Government efforts to control the press included criminal prosecution as well as intimidation. In February, the Phnom Penh municipal court sentenced Chan Rotana, the editor of Samleng Yu Vachon Khmer (Voice of Khmer Youth) to a year of prison and a U.S. $2,000 fine for publishing a cartoon of First Prime Minister Ranariddh carting a bag of money on his head and an essay that criticized him as both autocratic and subservient to Hun Sen; his appeal was rejected in October but he will appeal to the Supreme Court. Thun Bun Ly, the editor of Odom K'tek Khmer (Khmer Ideal) was charged with "disinformation" for five articles and editorial cartoons that satirized government leaders; mid-trial, the prosecution added the charge of defamation over the objection of defense counsel. He was convicted of all charges, fined approximately $4,000 and ordered to spend two years in jail should he fail to pay; the court also ordered his newspaper closed pending appeal. The government confirmed it was pressing charges against at least five other newspapers that had yet to receive official notice; one was the English-language Phnom Penh Post. The government also acted during the year to confiscate print runs and suspend publication of several critical newspapers, all under dubious legal authority, and banned from the country two foreign correspondents from the French newspaper Libération who had reported on atrocities by government military personnel in the northwest. According to the Phnom Penh Post, the government has also tried to limit the influence of critical reporting by forbidding teachers to discuss politics or use newspaper articles critical of the government in teaching foreign languages.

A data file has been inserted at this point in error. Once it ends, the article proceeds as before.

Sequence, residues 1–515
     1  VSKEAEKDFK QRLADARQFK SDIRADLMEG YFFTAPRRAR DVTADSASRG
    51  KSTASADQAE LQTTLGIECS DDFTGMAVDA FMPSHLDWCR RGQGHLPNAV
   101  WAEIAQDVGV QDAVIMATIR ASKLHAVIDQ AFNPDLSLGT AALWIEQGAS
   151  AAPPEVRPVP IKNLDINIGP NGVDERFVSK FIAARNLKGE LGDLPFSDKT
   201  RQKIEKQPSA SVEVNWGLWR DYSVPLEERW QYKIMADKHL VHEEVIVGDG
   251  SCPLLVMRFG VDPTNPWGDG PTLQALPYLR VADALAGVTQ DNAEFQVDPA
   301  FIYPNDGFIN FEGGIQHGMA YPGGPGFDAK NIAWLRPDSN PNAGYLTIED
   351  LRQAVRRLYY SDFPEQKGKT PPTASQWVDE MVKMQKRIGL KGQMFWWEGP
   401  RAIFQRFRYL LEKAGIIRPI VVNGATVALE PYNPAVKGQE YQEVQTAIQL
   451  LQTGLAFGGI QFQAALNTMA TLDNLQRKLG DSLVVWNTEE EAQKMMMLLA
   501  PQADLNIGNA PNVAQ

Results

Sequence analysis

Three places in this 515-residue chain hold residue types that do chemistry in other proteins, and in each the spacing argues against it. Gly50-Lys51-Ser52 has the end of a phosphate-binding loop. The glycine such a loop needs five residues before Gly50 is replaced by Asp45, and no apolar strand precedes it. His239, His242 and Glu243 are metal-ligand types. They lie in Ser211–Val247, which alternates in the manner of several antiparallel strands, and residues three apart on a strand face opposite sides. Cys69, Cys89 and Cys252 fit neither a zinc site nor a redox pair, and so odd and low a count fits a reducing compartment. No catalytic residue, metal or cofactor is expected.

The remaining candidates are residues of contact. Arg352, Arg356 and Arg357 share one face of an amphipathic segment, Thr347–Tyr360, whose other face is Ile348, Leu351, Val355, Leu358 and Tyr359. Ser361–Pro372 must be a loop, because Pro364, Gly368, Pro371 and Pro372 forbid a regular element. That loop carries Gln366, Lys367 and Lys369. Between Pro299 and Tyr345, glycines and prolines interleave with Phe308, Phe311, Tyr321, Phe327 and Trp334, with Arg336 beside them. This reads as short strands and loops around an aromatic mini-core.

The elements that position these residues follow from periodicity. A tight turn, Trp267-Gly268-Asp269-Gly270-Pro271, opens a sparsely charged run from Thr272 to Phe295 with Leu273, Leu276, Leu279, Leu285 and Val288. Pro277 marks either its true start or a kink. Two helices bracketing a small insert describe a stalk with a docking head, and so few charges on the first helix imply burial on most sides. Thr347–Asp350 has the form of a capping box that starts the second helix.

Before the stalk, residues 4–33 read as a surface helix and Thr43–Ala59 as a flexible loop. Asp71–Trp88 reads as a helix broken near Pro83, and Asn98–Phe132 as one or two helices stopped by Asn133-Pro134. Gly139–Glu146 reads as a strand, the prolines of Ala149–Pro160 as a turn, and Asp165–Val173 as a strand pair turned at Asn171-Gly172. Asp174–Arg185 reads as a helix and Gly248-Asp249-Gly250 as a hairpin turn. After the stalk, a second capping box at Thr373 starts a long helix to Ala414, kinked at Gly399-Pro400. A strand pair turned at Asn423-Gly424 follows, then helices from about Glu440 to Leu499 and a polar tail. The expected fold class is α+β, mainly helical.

After intensive pressure from the international community and King Sihanouk, the government did free six men who had been arrested for tying petitions onto balloons at the time of U.S. Secretary of State Warren Christopher's visit to Phnom Penh in August.
The most recent journalist to be murdered was Chan Dara, who was shot to death on the night of December 8, 1994, just after he was seen leaving a restaurant in Kampong Cham with a colonel named Sath Soeun. A correspondent with the newspaper Koh Santepheap (Island of Peace), Chan Dara had also published exposés of corrupt timber and rubber deals by government and military figures, among them Sat Soeun, in the paper Preap Noam Sar (The Carrier Pigeon). Ministry of Interior police arrested Sat Soeun, who still continued to send threats to the two papers and to Chan Dara's wife. The colonel, however, was acquitted at trial and released, although two other serious criminal charges were still pending against him. The government has not apprehended any further suspects in the case. Violence directed at journalists continued when a grenade exploded in front of the office of Damneung Pelpreuk (Morning News) on September 7, exactly a year from the date that Noun Chan, former editor of Samleng Yu Vachun Khmer, was gunned down in public by still-unknown perpetrators. Although a neighbor was hit by shrapnel, Damneung Pelpreuk editor Nguon Nonn was upstairs at the time.